White House: Trump-Erdoğan phone call not endorsement of referendum results in Turkey

The White House’s Principal Deputy Press Secretary Sarah Sanders, while en route to Wisconsin with President Donald Trump aboard Air Force One, told reporters during a press gaggle that a conversation on Monday between the US President and Turkey’s autocratic President Recep Tayyip Erdoğan did not indicate any acceptance of the results of a controversial referendum held in Turkey on Sunday.

“No, I think we’ve encouraged … the OSCE, the election commission, to take a close look at those election results. They’re the gold standard when it comes to that. And we certainly want them to do everything that they would normally do in that process and make a determination and put out a full report,” she said in response to a question asking if the phone call could be taken as acceptance that the results of the referendum were official, when in fact the Turkish opposition is calling for a recount, claiming irregularities in the vote.

Sanders stated that the purpose of the call was both to congratulate Erdoğan on his win and to also talk about shared interests as a NATO ally.

Asked if the phone call didn’t send a message that Trump supports the fact that Erdoğan expanded his power with the very controversial vote, Sanders disagreed and said that wasn’t the purpose of the call, adding that Trump of course supports democracy, later adding that “… we want to encourage democracy. And again, the purpose of the President’s call yesterday was not to discourage that but simply to talk about some of the things, like Syria, where they can work together,” when a reporter queried if Trump was concerned about the future of democracy in Turkey as a result of the referendum.

When pressed further about whether or not it is acceptable to Trump to have an undemocratic Turkey that is a strong ally against terrorism, Sanders said: “I don’t know that the focus, again, should be on whether or not it’s acceptable. I think the President’s number-one job is to keep Americans safe. … And if he needs to work with countries like Turkey and others to do that, I think that’s his priority and that’s what his focus is.”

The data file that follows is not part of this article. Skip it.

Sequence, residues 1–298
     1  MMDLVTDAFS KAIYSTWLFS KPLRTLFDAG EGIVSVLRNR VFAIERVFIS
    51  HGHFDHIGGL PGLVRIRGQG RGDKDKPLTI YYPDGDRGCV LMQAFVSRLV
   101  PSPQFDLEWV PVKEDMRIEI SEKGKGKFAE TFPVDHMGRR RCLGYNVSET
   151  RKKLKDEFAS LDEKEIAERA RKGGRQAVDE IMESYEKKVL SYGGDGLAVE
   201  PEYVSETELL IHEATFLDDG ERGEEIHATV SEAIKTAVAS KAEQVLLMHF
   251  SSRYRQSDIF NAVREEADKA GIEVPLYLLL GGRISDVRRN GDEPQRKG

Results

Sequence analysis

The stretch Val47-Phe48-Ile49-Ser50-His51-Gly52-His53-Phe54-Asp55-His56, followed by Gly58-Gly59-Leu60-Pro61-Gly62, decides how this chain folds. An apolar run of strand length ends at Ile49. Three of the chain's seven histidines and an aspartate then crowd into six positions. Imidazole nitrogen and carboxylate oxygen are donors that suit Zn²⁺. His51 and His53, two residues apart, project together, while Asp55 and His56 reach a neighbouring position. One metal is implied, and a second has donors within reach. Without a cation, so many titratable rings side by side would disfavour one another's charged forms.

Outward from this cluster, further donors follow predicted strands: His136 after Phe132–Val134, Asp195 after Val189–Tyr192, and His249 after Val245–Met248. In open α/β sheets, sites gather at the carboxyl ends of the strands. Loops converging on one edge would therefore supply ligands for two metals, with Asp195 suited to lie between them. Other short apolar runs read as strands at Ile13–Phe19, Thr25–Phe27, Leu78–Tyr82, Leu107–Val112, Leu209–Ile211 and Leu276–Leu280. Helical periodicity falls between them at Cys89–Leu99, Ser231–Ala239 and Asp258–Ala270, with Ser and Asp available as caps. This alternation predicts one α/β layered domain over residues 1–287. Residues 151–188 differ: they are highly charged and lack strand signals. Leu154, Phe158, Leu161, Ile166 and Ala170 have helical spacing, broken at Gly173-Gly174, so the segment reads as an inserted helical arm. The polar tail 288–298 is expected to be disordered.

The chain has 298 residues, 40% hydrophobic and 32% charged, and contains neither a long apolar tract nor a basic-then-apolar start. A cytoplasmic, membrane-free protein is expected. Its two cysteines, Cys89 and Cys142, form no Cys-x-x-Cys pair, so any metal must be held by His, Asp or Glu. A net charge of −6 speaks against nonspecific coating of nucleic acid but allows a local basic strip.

However, President Erdoğan told CNN International in an interview on Monday that he is pleased by the way US President Trump is approaching things, and would like a sit-down meeting to discuss the bilateral partnership. “The way President Trump is approaching matters is encouraging, makes us happy,” said Erdoğan.

“We are going to sit down and determine a roadmap as two strategic partners, the US and Turkey, as allies, as important countries in NATO, we believe that we can resolve significant problems,” he added. “Therefore we do not have any difficulties on that front,” Erdoğan said. “We agreed we will have that meeting in due course,” he added.


Meanwhile, Turkish police have detained a total of 38 people in İstanbul who took part in demonstrations in protest of a decision by the Turkey’s Supreme Board of Election (YSK) to consider unstamped ballots cast in a public referendum on Sunday valid. The detainees were reportedly taken to the İstanbul Police Office on Wednesday morning.

A referendum on a constitutional reform package that introduces an executive presidency in Turkey received 51.4 percent of the vote in favor, but opposition parties have contested the results due to the use of unauthenticated ballots. Late on Sunday, the YSK issued instructions that significantly changed the ballot validity criteria and said the unauthenticated ballots were valid.

The constitutional amendments that will switch Turkey’s system of governance from a parliamentary to a executive presidency, greatly increasing the powers of the president and feared by opposition parties as establishing one-man rule in the country.

During the voting on Sunday, some citizens cast their votes in unstamped ballots while some citizens used envelopes and ballots they brought with them, which prompted some opposition parties and naysayers to raise suspicions about the votes’ validity. In a statement on Monday morning, the YSK said the ballot papers and envelopes brought by some citizens from outside were produced by the YSK and they are authentic. Demonstrations have been held across Turkey to protest the YSK decision to consider the unstamped ballots valid.

On the other hand, İbrahim Karagül, editor-in-chief of the pro-Erdoğan Yeni Şafak daily, said that Sunday’s street protests of the results of a referendum held that day will be taken as foreign intervention. “Gezi [Park protests]-like street terror this time will be taken as foreign intervention, will be perceived as the July 15 coup was,” Karagül said on Twitter. “The results of the referendum have shaken the balances. Western intelligence services have been planning new games in Turkey. This country cannot allow a new Gezi terror,” added Karagül.

Dozens of people were detained after protesting the April 16 referendum results in rallies across Turkey. Chairman of the main opposition Republican People’s Party (CHP) Kemal Kılıçdaroğlu on Tuesday said they do not recognize the results of a referendum held on April 16 due to irregularities in the voting process, saying the party will never recognize the outcome. Earlier on Tuesday the CHP applied to the YSK demanding the cancellation of the referendum due to irregularities in the voting process.

Amid a political crisis concerning the results of a referendum held on Sunday, the president of Turkey’s Constitutional Court, Zühtü Arslan, on Tuesday visited President Erdoğan. Arslan and Erdoğan had a 25-minute meeting that was closed to the press at the presidential palace in Ankara. Arslan’s visit came hours after the CHP applied to the YSK demanding the cancellation of the referendum due to irregularities in the voting process. (SCF with turkishminute.com) April 19, 2017


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